The relationship between Mark Lemhouse and Memphis turned out to be a temporary one. Lemhouse has since moved on from Memphis, but whilst there, as well as buying himself a National Resonator he recorded the album "Big Lonesome Radio." Lemhouse certainly absorbed the local musical cultures, hanging out with the likes of Robert Belfour, and catching up with the records of rockabilly legend Charlie Feathers. He blended these with a big helping of originality, and came up with a masterful album.
The opening track (Tampa Red's "You Can't Get That Stuff No More") makes you sit up and pay attention right away. There is a real down home feel to the arrangement, with Lemhouse's accomplished slide guitar playing receiving sympathetic accompaniment from Scott Bomar on bass--he also doubled up as producer--and Paul Buchignani on drums. From down home, he moves to Hill Country blues with Fred McDowell's "What's The Matter With Papa's Little Angel Child," which chugs along nicely. Lemhouse's vocals on this one sound a bit like Chris Smither, but the overall feel is one that is nowadays most closely associated with RL Burnside. The feeling almost permeates Lemhouse's version of Tom Waits' "No One Can Forgive Me But My Baby."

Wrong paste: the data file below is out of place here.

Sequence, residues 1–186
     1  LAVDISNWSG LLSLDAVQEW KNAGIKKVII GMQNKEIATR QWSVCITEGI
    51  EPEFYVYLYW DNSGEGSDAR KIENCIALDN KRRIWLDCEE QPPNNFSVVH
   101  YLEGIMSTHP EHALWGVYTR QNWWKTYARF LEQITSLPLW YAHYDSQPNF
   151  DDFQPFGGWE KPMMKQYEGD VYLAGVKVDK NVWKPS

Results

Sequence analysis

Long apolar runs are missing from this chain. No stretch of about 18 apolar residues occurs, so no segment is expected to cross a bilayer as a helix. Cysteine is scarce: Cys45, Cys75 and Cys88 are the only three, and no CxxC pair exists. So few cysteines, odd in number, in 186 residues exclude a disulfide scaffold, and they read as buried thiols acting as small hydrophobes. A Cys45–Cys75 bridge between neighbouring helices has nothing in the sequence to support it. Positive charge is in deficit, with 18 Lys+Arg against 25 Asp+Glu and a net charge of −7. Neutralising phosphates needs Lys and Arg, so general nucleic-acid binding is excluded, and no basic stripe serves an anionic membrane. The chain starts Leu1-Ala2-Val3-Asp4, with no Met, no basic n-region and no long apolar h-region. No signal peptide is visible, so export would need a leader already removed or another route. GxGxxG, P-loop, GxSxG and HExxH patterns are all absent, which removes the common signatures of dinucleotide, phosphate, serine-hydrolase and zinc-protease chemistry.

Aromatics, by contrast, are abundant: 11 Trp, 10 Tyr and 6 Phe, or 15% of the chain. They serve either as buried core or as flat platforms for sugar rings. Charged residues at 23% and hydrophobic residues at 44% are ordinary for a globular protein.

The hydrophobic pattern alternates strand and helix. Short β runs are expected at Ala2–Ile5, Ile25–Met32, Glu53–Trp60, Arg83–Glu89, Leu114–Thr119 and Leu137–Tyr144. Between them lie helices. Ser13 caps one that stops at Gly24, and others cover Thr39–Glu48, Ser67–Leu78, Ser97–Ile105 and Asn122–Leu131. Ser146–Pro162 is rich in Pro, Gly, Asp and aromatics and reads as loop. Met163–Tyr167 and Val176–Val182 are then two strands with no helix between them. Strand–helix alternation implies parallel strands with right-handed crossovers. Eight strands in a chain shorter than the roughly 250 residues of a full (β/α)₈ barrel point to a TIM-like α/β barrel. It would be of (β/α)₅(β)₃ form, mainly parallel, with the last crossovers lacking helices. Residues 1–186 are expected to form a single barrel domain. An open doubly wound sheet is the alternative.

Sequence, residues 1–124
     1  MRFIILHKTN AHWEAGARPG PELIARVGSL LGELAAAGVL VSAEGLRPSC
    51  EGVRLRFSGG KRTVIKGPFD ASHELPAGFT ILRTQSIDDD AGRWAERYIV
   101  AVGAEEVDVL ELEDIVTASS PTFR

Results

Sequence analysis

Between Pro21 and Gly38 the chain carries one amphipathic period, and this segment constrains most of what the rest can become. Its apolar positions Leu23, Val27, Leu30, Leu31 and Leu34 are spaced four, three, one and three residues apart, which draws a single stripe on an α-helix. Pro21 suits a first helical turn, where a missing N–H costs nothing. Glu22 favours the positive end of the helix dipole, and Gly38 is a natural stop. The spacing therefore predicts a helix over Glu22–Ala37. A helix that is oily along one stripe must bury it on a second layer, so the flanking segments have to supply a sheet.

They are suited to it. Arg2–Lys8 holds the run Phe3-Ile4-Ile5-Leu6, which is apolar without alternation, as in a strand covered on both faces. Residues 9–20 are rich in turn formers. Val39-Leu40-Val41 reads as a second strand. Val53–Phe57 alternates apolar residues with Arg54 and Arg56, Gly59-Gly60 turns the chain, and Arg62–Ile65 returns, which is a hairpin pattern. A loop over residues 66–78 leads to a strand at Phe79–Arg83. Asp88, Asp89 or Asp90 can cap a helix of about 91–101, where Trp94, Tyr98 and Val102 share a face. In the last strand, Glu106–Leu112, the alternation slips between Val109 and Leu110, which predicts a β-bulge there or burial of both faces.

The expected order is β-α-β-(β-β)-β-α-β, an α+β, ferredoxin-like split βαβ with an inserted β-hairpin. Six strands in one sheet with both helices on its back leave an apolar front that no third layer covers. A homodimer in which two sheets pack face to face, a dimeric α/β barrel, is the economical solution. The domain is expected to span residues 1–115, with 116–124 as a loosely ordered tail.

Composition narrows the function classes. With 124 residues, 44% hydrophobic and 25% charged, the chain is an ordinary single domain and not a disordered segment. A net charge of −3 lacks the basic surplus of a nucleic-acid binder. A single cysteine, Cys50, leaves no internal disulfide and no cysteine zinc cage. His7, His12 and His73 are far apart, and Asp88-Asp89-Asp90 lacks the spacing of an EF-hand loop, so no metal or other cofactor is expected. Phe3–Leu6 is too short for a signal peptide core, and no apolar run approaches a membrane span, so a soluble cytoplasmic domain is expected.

The first original song, "Jealous Moon," almost defies categorization. There is a bit of Louisiana in there, and even Mexico(?) in places. To ensure that he cannot be pigeonholed, Lemhouse even plays a waltz that he wrote, "Edwin's Lament." Just to make doubly sure he also includes "Mercy Mia" (co-written with Bomar) which has a rockabilly foundation, and even covers Charlie Feathers' "One Hand Loose." The latter includes some particularly fine slap fiddle from Bomar.
The album rounds off with Lemhouse's take on Charles Brown's "Driftin'." If
by some unfortunate chance you nodded off whilst listening to the album, this one will wake you up. It is a raw rowdy interpretation, played on electric guitar, and makes for a cracking end to a cracking album.
"Big Lonesome Radio" is a very fine album, which no home should be without.
People who like a good down home honest earthy feel to their blues will love this one. There are plenty of identifiable reference points scattered throughout the album, but they are fitted into the Lemhouse way of doing things, rather than the other way around. The only drawback is that the album clocks in at less than 40 minutes, so you will need to make judicious use of the repeat button on the CD player. Highly recommended.
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